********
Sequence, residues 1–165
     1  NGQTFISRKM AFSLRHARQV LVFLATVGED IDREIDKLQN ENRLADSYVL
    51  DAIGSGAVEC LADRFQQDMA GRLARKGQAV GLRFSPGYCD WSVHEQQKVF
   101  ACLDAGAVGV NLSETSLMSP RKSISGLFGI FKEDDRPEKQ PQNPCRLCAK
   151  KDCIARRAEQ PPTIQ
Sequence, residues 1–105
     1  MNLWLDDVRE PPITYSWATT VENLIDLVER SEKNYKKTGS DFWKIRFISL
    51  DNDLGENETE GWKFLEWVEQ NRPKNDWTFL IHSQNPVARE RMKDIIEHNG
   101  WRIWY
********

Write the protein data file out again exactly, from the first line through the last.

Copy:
Sequence, residues 1–165
     1  NGQTFISRKM AFSLRHARQV LVFLATVGED IDREIDKLQN ENRLADSYVL
    51  DAIGSGAVEC LADRFQQDMA GRLARKGQAV GLRFSPGYCD WSVHEQQKVF
   101  ACLDAGAVGV NLSETSLMSP RKSISGLFGI FKEDDRPEKQ PQNPCRLCAK
   151  KDCIARRAEQ PPTIQ
Sequence, residues 1–105
     1  MNLWLDDVRE PPITYSWATT VENLIDLVER SEKNYKKTGS DFWKIRFISL
    51  DNDLGENETE GWKFLEWVEQ NRPKNDWTFL IHSQNPVARE RMKDIIEHNG
   101  WRIWY